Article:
The appearance lasted about 10 minutes, WJLA reported, with Fields responding only "yes sir," and "no sir." He did not enter a plea.
According to the Richmond Times-Dispatch, Charlottesville General District Judge Robert H. Downer Jr. told Fields that the public defender's office was unable to take him on as a client because a relative of one of the office's employees was injured in Saturday's crash.
The newspaper reported that lawyer Charles Weber was instead chosen from a list of possible court-appointed attorneys.
2. Fields reportedly told his mother, Samantha Bloom, that he was planning to attend the rally. According to the Toledo Blade, Bloom said Fields said he was going to an "alt-right" rally, but she didn't realize that it involved white supremacists.
"I thought it had something to do with [President Donald] Trump," Bloom told The Associated Press. "Trump's not a white supremacist."
She added: "He had an African-American friend, so ..."
Bloom told the Blade that she tries "to stay out of his political views."
3. The silver Dodge Challenger involved in the incident reportedly was registered to Fields and had a Lucas County tag. The Blade reported that Fields was found guilty of "having expired or unlawful license plates" on the vehicle in June.
4. Fields grew up in Kentucky but recently moved to northwest Ohio. The Bladereported that Bloom and her son moved from Florence, Kentucky, outside Cincinnati, to the Toledo area "about a year ago for her job." Fields moved out of her Monclova Township apartment to his own place in Maumee "five or six months ago," she told the Blade.
5. An uncle described Fields as "not really friendly, more subdued" in an interview with the Washington Post. Fields' single, paraplegic mother raised the boy after a drunken driver killed his father before he was born, the unnamed uncle said.
The uncle told the Post that Fields' father left money to his son, which was placed in a trust fund until Fields turned 18. The last time the uncle heard from his nephew was when Fields "demanded his money," the Post reported.
6. Bloom's neighbors in Monclova Township knew little about Fields. "I've never spoken with the gentleman; I don't know anything about him," one neighbor, Bob Rose, told the Blade. "You just never know. Until you get the whole story, you can assume what you want. Was he there to cause mayhem? Was he a white supremacist? I don't know."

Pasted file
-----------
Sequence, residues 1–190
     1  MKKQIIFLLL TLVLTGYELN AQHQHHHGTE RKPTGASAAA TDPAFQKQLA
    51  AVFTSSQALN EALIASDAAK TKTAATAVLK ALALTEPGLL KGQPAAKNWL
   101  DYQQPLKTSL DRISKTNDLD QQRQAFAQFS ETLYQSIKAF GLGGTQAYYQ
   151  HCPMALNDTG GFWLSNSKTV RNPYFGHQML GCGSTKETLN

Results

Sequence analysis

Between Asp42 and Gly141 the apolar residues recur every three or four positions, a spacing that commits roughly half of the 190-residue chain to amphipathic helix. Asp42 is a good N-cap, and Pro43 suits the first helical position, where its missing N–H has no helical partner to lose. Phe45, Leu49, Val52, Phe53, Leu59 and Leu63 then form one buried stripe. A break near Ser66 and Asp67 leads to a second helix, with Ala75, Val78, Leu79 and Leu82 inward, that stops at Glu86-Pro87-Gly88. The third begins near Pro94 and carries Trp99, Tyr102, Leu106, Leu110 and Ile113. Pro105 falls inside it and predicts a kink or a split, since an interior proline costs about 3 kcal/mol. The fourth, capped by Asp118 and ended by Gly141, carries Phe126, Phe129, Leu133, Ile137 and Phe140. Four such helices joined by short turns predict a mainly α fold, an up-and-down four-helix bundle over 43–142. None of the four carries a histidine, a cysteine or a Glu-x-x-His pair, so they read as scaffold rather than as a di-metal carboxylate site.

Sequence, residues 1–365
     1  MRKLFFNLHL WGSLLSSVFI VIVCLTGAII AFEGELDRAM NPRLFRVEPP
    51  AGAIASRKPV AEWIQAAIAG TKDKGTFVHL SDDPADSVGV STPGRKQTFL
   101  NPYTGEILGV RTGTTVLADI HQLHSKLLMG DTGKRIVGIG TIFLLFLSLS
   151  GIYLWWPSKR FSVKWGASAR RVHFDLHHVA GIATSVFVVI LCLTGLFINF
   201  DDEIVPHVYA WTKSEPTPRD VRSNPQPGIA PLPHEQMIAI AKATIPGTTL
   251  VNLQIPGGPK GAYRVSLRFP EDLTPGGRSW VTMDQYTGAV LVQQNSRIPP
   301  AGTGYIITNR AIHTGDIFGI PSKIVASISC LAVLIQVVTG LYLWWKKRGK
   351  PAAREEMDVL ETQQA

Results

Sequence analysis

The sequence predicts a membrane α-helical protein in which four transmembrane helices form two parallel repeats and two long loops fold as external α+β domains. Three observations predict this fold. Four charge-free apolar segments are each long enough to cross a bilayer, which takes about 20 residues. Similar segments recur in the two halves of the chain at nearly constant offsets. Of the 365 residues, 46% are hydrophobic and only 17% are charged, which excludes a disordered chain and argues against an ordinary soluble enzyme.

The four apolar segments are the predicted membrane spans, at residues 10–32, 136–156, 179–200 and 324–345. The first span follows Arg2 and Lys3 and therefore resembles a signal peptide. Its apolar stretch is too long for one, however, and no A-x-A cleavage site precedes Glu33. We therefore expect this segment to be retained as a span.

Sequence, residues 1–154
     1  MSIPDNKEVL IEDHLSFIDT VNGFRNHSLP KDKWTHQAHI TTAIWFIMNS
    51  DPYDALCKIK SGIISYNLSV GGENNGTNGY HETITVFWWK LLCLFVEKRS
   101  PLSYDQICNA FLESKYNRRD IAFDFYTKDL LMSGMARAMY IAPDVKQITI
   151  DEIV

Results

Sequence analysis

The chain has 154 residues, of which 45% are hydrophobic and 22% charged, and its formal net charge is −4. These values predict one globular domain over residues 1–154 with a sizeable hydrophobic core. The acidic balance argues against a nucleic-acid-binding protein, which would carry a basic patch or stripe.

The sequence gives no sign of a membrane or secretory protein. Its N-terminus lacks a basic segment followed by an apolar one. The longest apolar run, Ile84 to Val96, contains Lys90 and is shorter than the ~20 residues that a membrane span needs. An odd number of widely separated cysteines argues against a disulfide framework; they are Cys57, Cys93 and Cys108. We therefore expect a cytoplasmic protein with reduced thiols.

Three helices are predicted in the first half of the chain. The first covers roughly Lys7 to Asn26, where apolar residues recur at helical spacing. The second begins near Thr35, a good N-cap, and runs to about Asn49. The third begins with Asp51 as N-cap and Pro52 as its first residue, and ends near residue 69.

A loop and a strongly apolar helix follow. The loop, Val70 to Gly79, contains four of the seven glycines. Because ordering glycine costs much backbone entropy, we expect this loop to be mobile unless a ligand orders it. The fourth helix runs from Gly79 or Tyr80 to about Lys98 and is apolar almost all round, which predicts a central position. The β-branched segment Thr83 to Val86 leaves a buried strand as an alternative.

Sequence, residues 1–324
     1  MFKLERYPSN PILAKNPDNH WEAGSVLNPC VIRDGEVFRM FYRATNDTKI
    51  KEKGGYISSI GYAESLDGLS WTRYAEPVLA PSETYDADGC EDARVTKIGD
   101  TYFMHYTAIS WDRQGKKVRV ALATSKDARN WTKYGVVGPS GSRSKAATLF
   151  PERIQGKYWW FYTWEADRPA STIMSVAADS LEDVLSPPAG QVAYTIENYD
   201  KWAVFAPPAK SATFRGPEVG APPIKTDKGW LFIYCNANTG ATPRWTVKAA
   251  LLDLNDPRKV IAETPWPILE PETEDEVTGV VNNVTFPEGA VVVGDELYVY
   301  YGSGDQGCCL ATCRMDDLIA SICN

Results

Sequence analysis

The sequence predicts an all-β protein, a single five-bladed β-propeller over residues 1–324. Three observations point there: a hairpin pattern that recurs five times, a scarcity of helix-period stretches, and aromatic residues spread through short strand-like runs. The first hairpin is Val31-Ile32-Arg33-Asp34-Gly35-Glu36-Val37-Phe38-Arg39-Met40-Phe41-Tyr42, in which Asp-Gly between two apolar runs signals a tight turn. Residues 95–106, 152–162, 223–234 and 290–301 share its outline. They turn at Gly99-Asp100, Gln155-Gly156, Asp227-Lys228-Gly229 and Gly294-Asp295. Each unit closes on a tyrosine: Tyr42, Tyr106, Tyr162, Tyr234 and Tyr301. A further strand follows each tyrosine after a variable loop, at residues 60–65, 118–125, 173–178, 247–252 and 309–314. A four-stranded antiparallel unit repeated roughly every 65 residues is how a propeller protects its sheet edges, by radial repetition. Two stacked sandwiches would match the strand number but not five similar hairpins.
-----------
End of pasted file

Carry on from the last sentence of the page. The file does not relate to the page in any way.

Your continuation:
The Blade reported that Fields frequently "blasted polka music" in his car when he was in the neighborhood, according to Laurie Schoonmaker, another neighbor.
7. A former teacher said Fields had "outlandish, very radical beliefs." According to CNN, Derek Weimer, a social studies teacher at Randall K. Cooper High School in Union, Kentucky, taught Fields during his junior and senior years.
"It was quite clear he had some really extreme views and maybe a little bit of anger behind them, feeling – what's the word I'm looking for? – oppressed or persecuted," Weimer said. "He really bought into this white supremacist thing. He was very big into Nazism. He really had a fondness for Adolf Hitler."
During Fields' freshman year, another teacher reported him to administrators over an assignment he had turned in, Weimer told the Cincinnati Enquirer.
"It was very much along the party lines of the neo-Nazi movement," Weimer told the Enquirer.
8. Fields served in the U.S. Army from August to December 2015. CNN reported that Fields did not meet training standards according to an Army spokeswoman.
"As a result, he was never awarded a military occupational skill, nor was he assigned to a unit outside of basic training," Lt. Col. Jennifer Johnson told CNN.
9. What's next? Fields, who is being held without bail at the Albermarle-Charlottesville County Regional Jail, will be in court for a bond hearing on Aug. 25, WJLA reported.